Beloved, a faithful pastor and a biblical church are not going to target people based on their income, their ethnicity, their color, their nationality, or which side of the railroad tracks they live on. In fact, the gospel creates an entirely new race of everyone who believes—a holy nation, Peter calls them in 1 Peter 2:9.

This is the principle Paul is teaching here in Romans 3. All who enter heaven—no matter who they are—come by the way of the cross. They come through faith in Christ alone. To paraphrase verse 30, Paul is saying, “There is only one God, and if that one God accepts both Jew and Gentile by faith alone, then the ground at the foot of the cross is level.”

Jews and Gentiles alike are welcome. No people-group is favored; none is excluded. God does not have favorites. All who come to Christ are equally precious to God the Father.

So, the gospel destroys personal pride and personal prejudice. Now Paul effectively informs us that it also destroys personal presumption. He writes in verse 31, “Do we then overthrow the law by this faith? By no means! On the contrary, we uphold the law.”

Paul is answering the question, “If we are saved apart from keeping the law, are we to presume that the law is useless?” Paul’s answer is no.

Justification apart from the law upholds the standard of the law. The law was an expression of God’s holiness. God’s law was designed to lead people to see that they have broken the law—that they cannot keep the law perfectly. Only through faith in Christ, the one who kept the law perfectly, the one who paid the penalty for our crimes against God’s law, can God’s holy standard be met.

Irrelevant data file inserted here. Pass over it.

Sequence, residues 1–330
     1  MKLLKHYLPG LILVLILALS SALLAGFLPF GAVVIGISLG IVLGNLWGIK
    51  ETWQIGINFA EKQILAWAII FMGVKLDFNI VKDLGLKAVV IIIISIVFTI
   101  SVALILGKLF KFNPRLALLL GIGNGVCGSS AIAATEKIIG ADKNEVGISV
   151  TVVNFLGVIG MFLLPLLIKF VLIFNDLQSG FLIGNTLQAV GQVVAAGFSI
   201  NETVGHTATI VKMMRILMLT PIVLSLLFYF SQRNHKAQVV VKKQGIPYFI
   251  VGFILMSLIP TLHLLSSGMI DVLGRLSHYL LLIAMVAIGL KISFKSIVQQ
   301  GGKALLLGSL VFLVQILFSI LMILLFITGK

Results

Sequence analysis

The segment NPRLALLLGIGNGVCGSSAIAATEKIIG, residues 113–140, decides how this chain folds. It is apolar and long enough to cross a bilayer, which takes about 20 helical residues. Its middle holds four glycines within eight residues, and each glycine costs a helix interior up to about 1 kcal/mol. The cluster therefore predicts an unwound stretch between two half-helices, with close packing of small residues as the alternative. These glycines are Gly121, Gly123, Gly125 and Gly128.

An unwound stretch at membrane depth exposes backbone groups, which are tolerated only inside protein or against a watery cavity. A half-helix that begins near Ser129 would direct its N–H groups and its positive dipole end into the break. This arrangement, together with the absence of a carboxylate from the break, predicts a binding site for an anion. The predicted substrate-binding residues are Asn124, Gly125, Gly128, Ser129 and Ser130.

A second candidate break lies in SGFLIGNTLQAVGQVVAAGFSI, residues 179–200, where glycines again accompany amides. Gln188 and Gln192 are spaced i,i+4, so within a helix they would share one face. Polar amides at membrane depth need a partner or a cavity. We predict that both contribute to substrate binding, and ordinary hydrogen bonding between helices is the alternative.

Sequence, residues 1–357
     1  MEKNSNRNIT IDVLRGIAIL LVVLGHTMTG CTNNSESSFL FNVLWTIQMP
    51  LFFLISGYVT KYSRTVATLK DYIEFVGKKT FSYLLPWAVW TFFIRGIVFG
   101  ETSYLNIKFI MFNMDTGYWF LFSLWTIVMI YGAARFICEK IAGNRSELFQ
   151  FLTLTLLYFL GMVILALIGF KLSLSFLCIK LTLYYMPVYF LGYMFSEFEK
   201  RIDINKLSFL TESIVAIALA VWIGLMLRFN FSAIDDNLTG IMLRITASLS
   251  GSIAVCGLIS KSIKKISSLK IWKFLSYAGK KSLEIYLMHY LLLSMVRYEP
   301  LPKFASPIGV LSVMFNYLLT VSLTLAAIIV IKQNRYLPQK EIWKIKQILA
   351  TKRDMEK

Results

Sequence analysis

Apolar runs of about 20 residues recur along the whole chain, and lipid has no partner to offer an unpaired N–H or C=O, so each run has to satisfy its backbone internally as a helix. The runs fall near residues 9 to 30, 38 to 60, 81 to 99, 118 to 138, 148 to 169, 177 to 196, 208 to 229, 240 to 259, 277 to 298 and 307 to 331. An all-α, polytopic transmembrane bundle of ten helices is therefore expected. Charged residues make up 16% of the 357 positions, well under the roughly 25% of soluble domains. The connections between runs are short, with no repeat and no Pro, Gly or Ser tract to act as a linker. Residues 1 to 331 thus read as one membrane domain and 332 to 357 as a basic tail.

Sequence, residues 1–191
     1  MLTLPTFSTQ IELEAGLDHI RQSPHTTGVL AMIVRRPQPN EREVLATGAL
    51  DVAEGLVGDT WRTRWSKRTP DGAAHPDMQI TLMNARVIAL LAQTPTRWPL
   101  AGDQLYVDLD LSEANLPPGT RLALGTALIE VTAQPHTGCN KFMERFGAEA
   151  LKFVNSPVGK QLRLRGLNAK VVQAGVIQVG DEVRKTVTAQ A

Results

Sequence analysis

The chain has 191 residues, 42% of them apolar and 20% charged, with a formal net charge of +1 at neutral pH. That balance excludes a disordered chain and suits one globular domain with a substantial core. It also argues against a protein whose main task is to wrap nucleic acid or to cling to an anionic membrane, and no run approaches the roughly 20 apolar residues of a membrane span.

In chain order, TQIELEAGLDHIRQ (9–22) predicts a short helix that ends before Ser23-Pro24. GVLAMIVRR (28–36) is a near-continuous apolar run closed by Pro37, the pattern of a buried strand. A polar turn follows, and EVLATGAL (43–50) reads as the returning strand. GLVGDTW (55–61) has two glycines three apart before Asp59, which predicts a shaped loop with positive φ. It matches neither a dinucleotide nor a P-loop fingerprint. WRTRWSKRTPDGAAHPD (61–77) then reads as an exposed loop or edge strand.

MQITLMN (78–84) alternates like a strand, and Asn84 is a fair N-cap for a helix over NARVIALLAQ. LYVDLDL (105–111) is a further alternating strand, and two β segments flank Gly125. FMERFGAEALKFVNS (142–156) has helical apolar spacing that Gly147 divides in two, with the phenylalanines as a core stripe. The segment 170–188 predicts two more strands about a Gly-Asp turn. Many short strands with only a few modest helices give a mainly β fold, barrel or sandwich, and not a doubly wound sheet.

And again, this leads us to recognize there is no room for presumption or prejudice or pride. We do not glory in our faith. We glory in the object of our faith.

Let’s go back to Sam crawling across that frozen river. He could have had great faith in thin ice and fallen through and drowned. But he had weak faith in thick ice; and when he realized that, he traveled safely across.

Beloved, what matters is not the strength of your faith but the object of your faith. And since the object of your faith is the person of Jesus Christ, you do not need to crawl through life in fear of falling through; you are traveling through life on the solid foundation of the Lord.

Weak faith or strong faith—as long as your faith looks to Christ, you are not going to fall through or get lost out there in life. In fact, Deuteronomy 33:27 tells you, as a follower of God, that God is your refuge and underneath you are His everlasting arms.

[1] Bill Gillham, “Do You Have Enough Faith?” Lifetime Ministries,